1. Forum
  2. >
  3. Topic: Esperanto
  4. >
  5. [Answered] Confused about the…


[Answered] Confused about the -n suffix

I just started phrases, and the tips indicate that the -n suffix on a noun indicates that it is the subject of a sentence. As I understand it from Wikipedia, this is because clauses in Esperanto can be either SVO or OVS, so the -n is necessary to distinguish.

However, the -n was omitted in the "basics" exercises. Was it just omitted for simplicity, meaning those sentences are actually not grammatically correct? Or am I missing something?

Edit: as the answers below describe, I was confusing the object with the subject.

May 30, 2015



Esperanto has two noun cases: Nominative and Accusative. The accusative noun case is used when the noun being used is the direct object of the sentence. I think you misunderstood the tips, it should not be indicating the subject of the sentence. That's the job of the nominative noun case.

The reason that you don't have the -n suffix in sentences like "Mi estas viro" is because the "to be" verb doesn't have a direct object, but instead describes the subject.

"La viro havas hundon," and "Hundon havas la viro" mean the exact same thing because the noun "hundo" (dog) is in the accusative case, (marked by the suffix -n) which means it is the direct object, and "viro" is the subject. SVO word order is the generally used one, but you could switch it around if you want to put emphasis on the object instead of the subject.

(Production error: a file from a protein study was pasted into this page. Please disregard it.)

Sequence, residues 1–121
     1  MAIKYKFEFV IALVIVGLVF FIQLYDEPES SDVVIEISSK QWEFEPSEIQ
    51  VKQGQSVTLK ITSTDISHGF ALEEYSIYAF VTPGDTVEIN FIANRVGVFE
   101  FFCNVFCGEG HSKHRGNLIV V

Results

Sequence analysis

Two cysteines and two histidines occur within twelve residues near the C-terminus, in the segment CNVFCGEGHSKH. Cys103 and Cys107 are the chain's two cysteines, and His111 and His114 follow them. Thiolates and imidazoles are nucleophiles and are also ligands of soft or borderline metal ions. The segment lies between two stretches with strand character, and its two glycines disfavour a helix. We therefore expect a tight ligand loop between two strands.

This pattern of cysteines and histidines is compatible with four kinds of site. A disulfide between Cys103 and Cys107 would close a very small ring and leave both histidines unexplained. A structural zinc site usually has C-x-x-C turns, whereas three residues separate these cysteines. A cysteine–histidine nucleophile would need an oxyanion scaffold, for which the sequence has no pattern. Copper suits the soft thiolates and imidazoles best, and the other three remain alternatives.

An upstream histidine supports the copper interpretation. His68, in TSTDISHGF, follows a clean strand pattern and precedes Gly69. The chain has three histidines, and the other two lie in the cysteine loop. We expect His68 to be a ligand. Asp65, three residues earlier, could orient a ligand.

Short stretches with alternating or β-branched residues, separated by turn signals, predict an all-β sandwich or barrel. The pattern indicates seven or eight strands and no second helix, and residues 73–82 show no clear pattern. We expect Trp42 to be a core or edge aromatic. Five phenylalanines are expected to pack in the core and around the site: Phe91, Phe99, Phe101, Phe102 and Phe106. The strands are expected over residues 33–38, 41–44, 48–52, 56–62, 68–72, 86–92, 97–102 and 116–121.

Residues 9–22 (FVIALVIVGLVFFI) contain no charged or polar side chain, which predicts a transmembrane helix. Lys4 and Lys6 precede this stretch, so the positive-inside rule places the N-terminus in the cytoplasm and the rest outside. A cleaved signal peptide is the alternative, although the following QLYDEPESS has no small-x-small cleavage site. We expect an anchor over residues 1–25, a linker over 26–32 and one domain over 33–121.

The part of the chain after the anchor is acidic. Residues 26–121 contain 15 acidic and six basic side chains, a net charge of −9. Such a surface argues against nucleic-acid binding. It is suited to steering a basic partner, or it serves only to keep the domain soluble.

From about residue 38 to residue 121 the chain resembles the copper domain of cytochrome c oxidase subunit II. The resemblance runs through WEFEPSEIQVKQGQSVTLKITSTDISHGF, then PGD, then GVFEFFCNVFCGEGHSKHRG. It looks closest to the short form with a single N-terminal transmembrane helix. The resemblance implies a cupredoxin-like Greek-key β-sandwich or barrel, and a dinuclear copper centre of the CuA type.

Ah, that clears it up. I was confusing the object with the subject. Oops!


thats because the basics only used the verb "to be", which doesn't take -n after it, or verbs with no objects (i.e. she sings).


simply put, a noun and its modifiers (excluding articles) take the "n" prefix when they are in the accusative (direct object). This is what gives it its free word order. The object is marked by the "n," so it can be placed wherever in the sentence, and its meaning will still be understood. Another thing to consider is that it is not used after "estas" because it is a linking verb. It doesn't have an object, as estas is used to link a word with something that modifies or renames it (predicate adjective or predicate nominative). I think this may be the source of your confusion.


The -n is the accusative marker (it's marks the object of the sentence). The times where you don't see it, that means you don't have a direct object at all: with to be, you're almost in the presence of a predicate subject: the verb to be doesn't act on an object, it only gives you more information that describes your subject.


And this is where Esperanto is similar to German

Learn Esperanto in just 5 minutes a day. For free.